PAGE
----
4. ^ a b "Dariusz Sokołowski discovers his Parallel World, D16 dry tooling in the Dolomites". PlanetMountain. 8 January 2019. Retrieved 2 May 2023.
  5. ^ "Five Drytooling Tips to Climb Stronger in Shoulder Season". Gripped Magazine. 5 October 2021. Retrieved 2 May 2023.
  6. ^ Takeda, Pete (14 January 2014). "TNB: Jeff Lowe Invented the Sport". Rock & Ice. Retrieved 30 April 2023.
  7. ^ Clarke, Owen (25 February 2022). "Jeff Lowe, Ice And Mixed Climbing Pioneer". Climbing. Retrieved 30 April 2023.
  8. ^ Rivadossi, Matteo (7 January 2015). "Jeff Merçier climbs first Italian D14 at Bus Quai". PlanetMountain. Retrieved 2 May 2023. It's important to underline that once again Merçier climbed without making any Figure of Four moves, opting instead for the more physical and natural DTS (Dry Tooling Style) climbing style he believes is more ethical and which he promotes internationally.
  9. ^ a b Geldard, Jack (22 February 2012). "Robert Jasper on Iron Man (M14+)". UKClimbing. Retrieved 1 May 2023.
  10. ^ a b Levy, Michael (22 August 2017). "World's Hardest Dry-Tooling Route Established in Canada". The Outdoor Journal. Retrieved 2 May 2023.
  11. ^ "Will Gadd climbs the hardest of his life with Instagram at The Temple". Desnivel. 8 January 2016. Retrieved 2 May 2023.
  12. ^ "Around the world of extreme drytooling by Young-Hye Kwon". Desnivel. 12 March 2015. Retrieved 1 May 2023. The flight dropped him off directly in Switzerland, where he wasted no time heading to the Eptingen area to see with his own eyes what is considered to be the toughest route in world mixed sports, Ironman D/M14+, opened by Robert Jasper, in 2012.
  13. ^ "Tom Ballard Establishes World's Hardest Dry-Tooling Route". Rock & Ice. February 2016. Retrieved 2 May 2023.
  14. ^ a b "Angelika Rainer's Historic D15 Climb in Italy". Gripped Magazine. 23 November 2017. Retrieved 3 May 2023.
  15. ^ "Gordon McArthur vs. Storm Giant, world's first proposed D16 dry tooling climb". PlanetMountain. 9 December 2017. Retrieved 2 May 2023.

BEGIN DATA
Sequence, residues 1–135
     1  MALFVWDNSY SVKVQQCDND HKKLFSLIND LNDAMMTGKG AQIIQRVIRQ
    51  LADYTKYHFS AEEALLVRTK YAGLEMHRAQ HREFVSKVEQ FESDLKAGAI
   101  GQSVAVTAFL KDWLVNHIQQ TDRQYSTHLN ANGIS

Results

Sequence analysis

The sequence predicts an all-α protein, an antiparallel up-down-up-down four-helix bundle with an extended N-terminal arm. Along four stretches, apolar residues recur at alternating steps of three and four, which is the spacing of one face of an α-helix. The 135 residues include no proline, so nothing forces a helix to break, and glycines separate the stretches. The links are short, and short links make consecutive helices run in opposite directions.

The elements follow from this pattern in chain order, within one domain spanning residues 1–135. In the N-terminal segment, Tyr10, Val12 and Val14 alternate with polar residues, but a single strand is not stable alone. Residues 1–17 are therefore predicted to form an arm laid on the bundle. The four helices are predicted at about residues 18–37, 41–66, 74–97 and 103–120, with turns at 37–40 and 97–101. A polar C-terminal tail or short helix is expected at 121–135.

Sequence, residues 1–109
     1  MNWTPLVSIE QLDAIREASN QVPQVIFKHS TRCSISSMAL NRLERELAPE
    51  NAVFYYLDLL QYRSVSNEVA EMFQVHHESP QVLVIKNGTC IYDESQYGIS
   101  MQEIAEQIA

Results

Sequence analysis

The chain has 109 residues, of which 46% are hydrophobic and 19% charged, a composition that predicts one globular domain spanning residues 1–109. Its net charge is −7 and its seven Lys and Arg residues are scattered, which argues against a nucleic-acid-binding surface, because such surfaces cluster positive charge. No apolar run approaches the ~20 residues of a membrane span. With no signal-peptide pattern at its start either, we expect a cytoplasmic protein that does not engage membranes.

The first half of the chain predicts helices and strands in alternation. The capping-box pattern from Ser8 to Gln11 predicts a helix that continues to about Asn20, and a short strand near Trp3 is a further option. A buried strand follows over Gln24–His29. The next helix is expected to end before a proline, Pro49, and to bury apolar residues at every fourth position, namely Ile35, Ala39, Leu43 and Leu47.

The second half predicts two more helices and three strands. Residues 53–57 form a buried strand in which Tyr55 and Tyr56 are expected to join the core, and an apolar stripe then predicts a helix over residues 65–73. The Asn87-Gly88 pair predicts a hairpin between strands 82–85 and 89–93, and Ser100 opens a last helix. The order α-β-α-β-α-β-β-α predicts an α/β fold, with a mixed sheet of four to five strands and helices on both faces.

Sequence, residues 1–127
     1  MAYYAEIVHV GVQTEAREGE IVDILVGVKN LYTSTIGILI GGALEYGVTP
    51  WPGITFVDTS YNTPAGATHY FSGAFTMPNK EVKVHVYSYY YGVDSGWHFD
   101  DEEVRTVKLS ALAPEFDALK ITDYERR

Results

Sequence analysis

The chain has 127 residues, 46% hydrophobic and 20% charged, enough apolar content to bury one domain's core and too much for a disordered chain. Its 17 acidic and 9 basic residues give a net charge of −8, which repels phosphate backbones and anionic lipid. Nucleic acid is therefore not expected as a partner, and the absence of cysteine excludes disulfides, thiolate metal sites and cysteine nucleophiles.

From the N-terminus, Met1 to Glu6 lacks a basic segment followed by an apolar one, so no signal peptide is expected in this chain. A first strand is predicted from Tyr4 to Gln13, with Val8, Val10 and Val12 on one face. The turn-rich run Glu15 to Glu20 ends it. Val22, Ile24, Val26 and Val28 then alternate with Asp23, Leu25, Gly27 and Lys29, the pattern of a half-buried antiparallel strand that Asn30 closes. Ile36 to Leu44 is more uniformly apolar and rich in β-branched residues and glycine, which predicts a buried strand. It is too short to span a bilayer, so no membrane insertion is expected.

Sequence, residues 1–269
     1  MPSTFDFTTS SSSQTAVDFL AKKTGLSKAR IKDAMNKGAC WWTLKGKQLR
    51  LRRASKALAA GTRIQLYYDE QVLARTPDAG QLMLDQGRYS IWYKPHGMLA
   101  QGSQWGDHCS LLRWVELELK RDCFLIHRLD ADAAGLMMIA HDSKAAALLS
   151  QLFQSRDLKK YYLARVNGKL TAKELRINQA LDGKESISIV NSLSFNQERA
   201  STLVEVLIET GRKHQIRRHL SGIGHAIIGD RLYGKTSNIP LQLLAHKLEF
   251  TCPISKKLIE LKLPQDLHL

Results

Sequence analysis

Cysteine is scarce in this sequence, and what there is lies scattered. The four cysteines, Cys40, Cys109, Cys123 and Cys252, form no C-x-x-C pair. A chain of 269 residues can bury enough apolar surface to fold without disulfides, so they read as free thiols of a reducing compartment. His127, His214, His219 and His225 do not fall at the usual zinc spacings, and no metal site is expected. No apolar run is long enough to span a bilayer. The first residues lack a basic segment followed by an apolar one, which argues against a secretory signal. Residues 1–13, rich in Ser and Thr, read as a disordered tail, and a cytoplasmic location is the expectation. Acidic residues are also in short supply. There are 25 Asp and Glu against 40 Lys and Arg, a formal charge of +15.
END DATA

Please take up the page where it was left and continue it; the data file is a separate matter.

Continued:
16. ^ Kosteki, Krystan (December 2017). "Storm Giant – The World's Hardest Drytooling Route". Rock & Ice. Retrieved 2 May 2023.
  17. ^ Kosteki, Krystan (8 January 2019). "Darek Sokołowski Establishes "Parallel World" (D16), Possibly World's Hardest Dry-Tooling Route". Rock & Ice. Retrieved 2 May 2023.
  18. ^ "Matteo Pilon ripete Parallel World - Up-Climbing". www.up-climbing.com. Retrieved 2024-03-11.
  19. ^ Walsh, Anthony (2024-01-30). "American Climbs the World's Hardest Dry Tooling Route". Climbing. Retrieved 2024-03-11.
  20. ^ gripped (2024-02-01). "American Climber Repeats D16 on Huge Roof". Gripped Magazine. Retrieved 2024-03-11.
  21. ^ Téleios D16+ First Ascent - Tana del Drago (Italy) - Matteo Pilon, retrieved 2024-03-11
  22. ^ a b Sterling, Sarah (4 December 2017). "INTERVIEW: Angelika Rainer, the first woman to drytool D15". British Mountaineering Council. Retrieved 3 May 2023.
  23. ^ "Ines Papert imposes Law and Order M13". PlanetMountain. 22 February 2007. Retrieved 3 May 2023.
  24. ^ Lambert, Erik (17 March 2007). "First woman to send M13". Alpinist. Retrieved 3 May 2023.
  25. ^ Geldhard, Jack (19 February 2013). "Female Ascent of M14 Mixed Route for Lucie Hrozova". UKClimbing.
  26. ^ "Lucie Hrozová becomes first woman to climb M14 with Ironman". PlanetMountain. 10 February 2013. Retrieved 3 May 2023.
  27. ^ "Angelika Rainer first female D15 with A Line Above the Sky". PlanetMountain. 12 November 2017. Retrieved 3 May 2023.

Further reading